The Midterm Election Results May Not Have Been Ideal, But We Sure Made Our Ancestors Proud
We've made progress.
November 16, 2018 at 7:52 pm
We vote as a family, waking up extra early and proud — like it’s actual work. My family does, and my grandmother before that, and my ancestors going all the way back to the 1870s to South Carolina with the passage of the 15th amendment. Walking into the polls means something a lot different to African Americans and diasporic kin. I recall a post on Instagram I saw about someone who has not voted out of pure laziness. I scrolled down and the next photo was a photo from the 1950s where a Black man was lynched and burned alive, a sign hung on him saying “This nigger voted.” The various levels of privilege, especially invisible privilege, some of us enjoy, is indeed troubling. That privilege can lead to entitlement that enables an individual to take a high-power weapon, and kill multiple innocent people.
It was sad to hear about the governor’s race in Florida. Andrew Gillum is a remarkable man and ran a hell of a race against Ron Desantis. Nonetheless, it's sobering and disappointing to see that what the best of Black America has to offer cannot beat the worst of White America. My thoughts went back to the Black man, hanging from the tree, burned, and really took a second to think about what it means that Florida has no problems pulling enough votes to elect an open white supremacist and xenophobe.
Meanwhile, Stacy Abrams stands confident, refusing to concede with a smile on her face and victory in sight. As manual and mail ballots are counted, the race with Brian Kemp remains in play. And yet, a slew of reports are being made to confirm that Georgia’s state Board of Elections indeed participates in verified, active voter suppression. Beto O’Rourke ran a remarkable race with a strong push right to the end. Although his defeat is bitter, it shows that there is hope for Texas — that it may not be as red (conservative) as we thought. Identity politics is well in play, as nearly 40%.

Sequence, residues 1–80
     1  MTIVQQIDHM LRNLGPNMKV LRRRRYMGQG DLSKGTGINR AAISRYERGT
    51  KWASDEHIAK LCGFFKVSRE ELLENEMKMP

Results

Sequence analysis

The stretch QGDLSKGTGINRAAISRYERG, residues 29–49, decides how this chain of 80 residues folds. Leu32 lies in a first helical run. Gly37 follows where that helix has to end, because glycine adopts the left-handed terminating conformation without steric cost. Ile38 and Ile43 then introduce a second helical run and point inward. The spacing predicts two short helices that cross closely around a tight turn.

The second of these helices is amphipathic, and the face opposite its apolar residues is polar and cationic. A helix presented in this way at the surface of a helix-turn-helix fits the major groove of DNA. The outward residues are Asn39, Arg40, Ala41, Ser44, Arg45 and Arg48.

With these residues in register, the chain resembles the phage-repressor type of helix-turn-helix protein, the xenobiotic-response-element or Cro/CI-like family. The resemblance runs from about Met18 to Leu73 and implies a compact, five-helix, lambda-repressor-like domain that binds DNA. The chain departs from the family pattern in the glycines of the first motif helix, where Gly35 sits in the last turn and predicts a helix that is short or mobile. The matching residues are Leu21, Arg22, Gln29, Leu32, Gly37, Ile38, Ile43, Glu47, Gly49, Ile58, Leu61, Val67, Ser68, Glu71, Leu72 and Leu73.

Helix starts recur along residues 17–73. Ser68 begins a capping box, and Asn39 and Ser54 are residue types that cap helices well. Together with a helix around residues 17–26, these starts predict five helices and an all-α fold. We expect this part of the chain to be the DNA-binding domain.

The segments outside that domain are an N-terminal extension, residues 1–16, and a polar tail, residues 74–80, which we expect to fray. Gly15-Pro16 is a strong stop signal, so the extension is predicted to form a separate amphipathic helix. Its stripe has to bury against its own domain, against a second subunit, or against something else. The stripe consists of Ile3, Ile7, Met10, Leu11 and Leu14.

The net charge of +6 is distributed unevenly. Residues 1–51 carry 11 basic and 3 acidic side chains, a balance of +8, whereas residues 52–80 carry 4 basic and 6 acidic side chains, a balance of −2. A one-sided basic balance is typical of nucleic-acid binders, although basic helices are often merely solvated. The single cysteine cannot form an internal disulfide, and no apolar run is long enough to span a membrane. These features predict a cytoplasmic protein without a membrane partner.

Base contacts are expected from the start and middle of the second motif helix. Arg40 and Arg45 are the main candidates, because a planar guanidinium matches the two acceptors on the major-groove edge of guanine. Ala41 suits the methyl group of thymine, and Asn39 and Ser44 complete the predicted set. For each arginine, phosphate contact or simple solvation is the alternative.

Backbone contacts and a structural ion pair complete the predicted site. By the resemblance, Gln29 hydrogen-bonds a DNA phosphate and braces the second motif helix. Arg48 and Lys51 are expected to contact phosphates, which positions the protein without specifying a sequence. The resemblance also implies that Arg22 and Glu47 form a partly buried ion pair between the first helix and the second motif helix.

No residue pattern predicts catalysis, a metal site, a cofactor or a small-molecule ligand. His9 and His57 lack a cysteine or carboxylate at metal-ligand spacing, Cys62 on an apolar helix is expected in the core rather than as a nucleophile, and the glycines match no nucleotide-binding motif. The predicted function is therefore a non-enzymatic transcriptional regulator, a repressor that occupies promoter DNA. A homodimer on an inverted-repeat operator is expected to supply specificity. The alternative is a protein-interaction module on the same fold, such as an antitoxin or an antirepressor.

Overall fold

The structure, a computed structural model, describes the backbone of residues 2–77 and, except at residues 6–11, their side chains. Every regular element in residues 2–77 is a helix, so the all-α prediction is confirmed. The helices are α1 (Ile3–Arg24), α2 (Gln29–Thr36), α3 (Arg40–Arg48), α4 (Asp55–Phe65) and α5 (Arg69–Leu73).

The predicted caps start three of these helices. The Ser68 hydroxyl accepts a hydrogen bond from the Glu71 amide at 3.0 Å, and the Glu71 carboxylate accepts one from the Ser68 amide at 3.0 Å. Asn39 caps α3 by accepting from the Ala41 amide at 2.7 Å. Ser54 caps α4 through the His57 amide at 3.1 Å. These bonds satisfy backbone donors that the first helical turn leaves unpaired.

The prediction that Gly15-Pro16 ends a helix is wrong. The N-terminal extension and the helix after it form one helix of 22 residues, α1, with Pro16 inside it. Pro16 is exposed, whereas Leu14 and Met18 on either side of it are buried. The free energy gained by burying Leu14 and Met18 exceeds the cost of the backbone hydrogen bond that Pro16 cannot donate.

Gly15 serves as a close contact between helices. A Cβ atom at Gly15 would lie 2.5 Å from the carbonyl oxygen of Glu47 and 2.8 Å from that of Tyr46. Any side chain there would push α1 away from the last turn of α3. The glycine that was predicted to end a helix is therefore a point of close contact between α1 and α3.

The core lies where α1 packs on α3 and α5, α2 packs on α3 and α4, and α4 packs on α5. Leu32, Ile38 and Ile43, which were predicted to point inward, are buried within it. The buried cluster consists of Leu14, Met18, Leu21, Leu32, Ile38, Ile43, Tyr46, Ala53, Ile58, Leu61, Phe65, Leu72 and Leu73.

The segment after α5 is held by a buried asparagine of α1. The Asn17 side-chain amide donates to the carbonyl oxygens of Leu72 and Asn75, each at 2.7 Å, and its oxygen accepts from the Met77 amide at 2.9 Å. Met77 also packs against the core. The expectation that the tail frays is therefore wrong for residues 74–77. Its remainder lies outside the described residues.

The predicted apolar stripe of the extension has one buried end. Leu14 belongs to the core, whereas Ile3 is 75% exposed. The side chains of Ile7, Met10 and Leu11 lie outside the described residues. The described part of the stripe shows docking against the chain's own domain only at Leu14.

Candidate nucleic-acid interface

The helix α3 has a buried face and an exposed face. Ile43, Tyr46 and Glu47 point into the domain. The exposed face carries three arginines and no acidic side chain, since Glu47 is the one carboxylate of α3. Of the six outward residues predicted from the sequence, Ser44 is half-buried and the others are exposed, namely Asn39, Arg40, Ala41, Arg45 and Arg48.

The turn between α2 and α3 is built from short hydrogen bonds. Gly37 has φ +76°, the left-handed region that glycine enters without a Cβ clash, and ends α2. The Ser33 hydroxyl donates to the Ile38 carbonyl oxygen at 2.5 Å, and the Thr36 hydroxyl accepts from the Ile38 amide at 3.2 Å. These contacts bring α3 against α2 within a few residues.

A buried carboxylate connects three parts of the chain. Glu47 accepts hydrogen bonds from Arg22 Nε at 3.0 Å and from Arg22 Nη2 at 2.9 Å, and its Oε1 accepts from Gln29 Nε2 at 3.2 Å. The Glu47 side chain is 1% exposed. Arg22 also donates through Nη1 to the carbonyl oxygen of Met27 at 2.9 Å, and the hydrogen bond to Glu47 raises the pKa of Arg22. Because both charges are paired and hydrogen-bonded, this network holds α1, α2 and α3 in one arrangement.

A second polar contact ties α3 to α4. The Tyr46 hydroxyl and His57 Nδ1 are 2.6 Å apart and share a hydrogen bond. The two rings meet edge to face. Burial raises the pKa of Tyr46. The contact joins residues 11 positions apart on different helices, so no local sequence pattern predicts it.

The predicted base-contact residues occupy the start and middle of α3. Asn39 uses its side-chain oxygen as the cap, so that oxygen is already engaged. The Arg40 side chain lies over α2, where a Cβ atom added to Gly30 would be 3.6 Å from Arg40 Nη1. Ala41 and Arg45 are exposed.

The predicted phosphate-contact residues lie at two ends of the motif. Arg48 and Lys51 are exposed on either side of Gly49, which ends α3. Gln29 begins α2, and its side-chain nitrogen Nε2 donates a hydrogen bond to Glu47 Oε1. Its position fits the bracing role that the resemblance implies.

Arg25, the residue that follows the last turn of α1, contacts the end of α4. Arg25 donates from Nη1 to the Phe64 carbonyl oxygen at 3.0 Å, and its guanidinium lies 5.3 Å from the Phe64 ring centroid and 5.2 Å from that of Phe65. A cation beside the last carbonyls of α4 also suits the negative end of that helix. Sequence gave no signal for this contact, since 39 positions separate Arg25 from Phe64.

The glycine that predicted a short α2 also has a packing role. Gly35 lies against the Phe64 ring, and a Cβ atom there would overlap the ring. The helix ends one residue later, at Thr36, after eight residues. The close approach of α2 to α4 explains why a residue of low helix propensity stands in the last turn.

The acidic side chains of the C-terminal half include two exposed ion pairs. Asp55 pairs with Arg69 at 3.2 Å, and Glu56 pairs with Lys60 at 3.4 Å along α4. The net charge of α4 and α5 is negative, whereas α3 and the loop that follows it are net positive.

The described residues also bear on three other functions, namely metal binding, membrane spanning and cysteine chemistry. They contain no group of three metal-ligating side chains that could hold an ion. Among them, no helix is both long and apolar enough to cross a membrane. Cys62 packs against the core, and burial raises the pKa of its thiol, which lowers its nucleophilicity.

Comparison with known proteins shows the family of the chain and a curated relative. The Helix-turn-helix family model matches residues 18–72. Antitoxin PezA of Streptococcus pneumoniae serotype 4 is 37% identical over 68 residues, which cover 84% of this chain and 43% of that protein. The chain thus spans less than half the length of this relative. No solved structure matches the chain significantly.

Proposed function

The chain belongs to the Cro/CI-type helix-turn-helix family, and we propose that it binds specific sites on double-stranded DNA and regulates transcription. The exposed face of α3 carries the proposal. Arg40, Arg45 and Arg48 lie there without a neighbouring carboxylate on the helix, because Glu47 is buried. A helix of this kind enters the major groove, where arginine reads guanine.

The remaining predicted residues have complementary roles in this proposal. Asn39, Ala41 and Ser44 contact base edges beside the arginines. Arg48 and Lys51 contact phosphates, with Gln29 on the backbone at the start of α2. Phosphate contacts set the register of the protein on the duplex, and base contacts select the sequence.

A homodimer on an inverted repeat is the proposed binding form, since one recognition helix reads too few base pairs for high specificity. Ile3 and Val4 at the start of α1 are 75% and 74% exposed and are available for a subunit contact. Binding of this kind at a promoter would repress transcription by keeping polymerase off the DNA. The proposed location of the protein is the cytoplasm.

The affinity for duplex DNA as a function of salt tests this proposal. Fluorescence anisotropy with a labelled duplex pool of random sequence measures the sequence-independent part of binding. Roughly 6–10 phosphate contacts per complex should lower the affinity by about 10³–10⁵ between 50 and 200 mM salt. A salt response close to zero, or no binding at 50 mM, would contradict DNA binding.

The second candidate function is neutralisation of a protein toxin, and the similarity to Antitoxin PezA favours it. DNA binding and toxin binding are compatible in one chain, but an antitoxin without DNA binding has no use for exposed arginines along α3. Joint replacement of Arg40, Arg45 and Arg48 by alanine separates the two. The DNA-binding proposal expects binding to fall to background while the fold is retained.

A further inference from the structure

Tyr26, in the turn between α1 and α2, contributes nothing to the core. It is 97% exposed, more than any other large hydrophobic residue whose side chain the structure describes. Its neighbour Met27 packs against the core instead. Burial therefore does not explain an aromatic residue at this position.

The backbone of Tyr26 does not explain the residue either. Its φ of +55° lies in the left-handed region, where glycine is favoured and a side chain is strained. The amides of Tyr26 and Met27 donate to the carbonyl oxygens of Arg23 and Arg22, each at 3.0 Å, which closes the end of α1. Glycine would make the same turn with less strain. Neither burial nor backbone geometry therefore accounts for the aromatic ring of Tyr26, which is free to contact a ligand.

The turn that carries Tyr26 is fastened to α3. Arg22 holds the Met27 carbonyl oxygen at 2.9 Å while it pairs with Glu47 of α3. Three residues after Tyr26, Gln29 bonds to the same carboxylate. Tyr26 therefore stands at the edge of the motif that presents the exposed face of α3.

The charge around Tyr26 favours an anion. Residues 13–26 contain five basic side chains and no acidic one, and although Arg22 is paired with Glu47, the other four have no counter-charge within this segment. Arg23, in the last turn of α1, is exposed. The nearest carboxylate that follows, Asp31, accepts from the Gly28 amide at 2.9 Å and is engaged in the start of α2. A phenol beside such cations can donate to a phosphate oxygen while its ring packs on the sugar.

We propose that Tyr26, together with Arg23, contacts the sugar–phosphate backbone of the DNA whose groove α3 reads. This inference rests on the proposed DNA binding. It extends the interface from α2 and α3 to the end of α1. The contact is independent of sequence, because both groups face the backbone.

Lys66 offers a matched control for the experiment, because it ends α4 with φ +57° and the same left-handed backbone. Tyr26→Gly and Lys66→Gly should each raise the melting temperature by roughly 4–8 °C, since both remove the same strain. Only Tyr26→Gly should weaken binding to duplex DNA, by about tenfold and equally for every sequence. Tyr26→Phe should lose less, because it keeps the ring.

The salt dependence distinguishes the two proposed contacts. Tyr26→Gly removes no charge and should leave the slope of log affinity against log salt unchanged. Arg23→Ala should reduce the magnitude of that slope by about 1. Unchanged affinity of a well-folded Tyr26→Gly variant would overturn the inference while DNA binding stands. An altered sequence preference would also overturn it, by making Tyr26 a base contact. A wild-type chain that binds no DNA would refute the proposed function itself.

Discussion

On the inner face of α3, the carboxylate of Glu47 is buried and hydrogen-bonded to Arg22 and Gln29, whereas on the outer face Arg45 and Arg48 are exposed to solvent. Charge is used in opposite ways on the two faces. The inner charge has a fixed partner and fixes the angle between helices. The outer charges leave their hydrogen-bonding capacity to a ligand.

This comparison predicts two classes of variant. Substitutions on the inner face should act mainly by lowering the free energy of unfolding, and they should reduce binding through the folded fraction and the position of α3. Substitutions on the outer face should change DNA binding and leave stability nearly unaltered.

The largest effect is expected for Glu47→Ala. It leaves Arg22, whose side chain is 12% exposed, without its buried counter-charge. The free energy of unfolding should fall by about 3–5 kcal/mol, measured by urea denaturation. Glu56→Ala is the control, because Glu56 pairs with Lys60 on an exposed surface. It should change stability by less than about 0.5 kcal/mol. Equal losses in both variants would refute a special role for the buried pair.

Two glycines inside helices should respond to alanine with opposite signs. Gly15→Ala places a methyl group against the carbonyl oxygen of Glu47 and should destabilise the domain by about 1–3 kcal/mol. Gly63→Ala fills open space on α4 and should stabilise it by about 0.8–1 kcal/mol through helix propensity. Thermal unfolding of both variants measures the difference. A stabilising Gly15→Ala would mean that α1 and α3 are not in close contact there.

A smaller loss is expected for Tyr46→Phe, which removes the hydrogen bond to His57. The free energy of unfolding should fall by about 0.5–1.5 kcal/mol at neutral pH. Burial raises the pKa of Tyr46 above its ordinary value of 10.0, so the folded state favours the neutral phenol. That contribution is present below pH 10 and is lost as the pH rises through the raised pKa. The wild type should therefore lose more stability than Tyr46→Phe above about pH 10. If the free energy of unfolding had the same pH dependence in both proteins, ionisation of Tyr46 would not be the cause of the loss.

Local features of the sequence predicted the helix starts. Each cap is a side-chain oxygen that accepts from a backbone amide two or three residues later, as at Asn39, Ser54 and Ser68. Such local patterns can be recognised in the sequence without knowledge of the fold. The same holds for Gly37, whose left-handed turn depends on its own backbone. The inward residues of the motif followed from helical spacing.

Election Day in Fairburn, Georgia, near Atlanta.Brian Cahn/ZUMA
Do not stop talking about the election, it’s a fight every day. We can vote with our wallet every day, and affect the wallets of the companies and individuals that super the oppressive spectacle we have turned modern day American government into. Urban cities have a lot of power in the way our consumerism shapes the political landscape. Many people avoid activism because they accept the simple idea that alone, they cannot make a difference, but if we consistently act with intentions around our values, the vote will take care of itself. If we can continue to encourage people of strong moral character and virtue to run for office, and support them, we can stamp out conservative white nationalist-supremacists. That’s what this is all about — this is why there are bodies lying in the street. There’s absolutely no argument that could be made to counter the fact that the GOP is the party of white neo-conservatives and white supremacy.
As a nice NYPD officer took our family photo, I thought to myself. “Damn, our ancestors must be smiling down on us.” The fight for equality and justice continues, and despite the divisiveness, violence, and overall hatred — the arc of justice is ever long. Congratulations to all of the newly elected Congressmen and Congresswomen. We have a lot of firsts this election; Jared Polis, the first openly gay man to win a gubernatorial election, Jahana Hayes is the first Black woman elected to Congress ever in Connecticut, Rachel Rollins became the first woman, Black DA of Boston, and Ilhan Omar became the first Somali-American elected to Congress. The list goes on and on — but this is what we are fighting for. I know our ancestors are smiling, and eagerly rooting us on.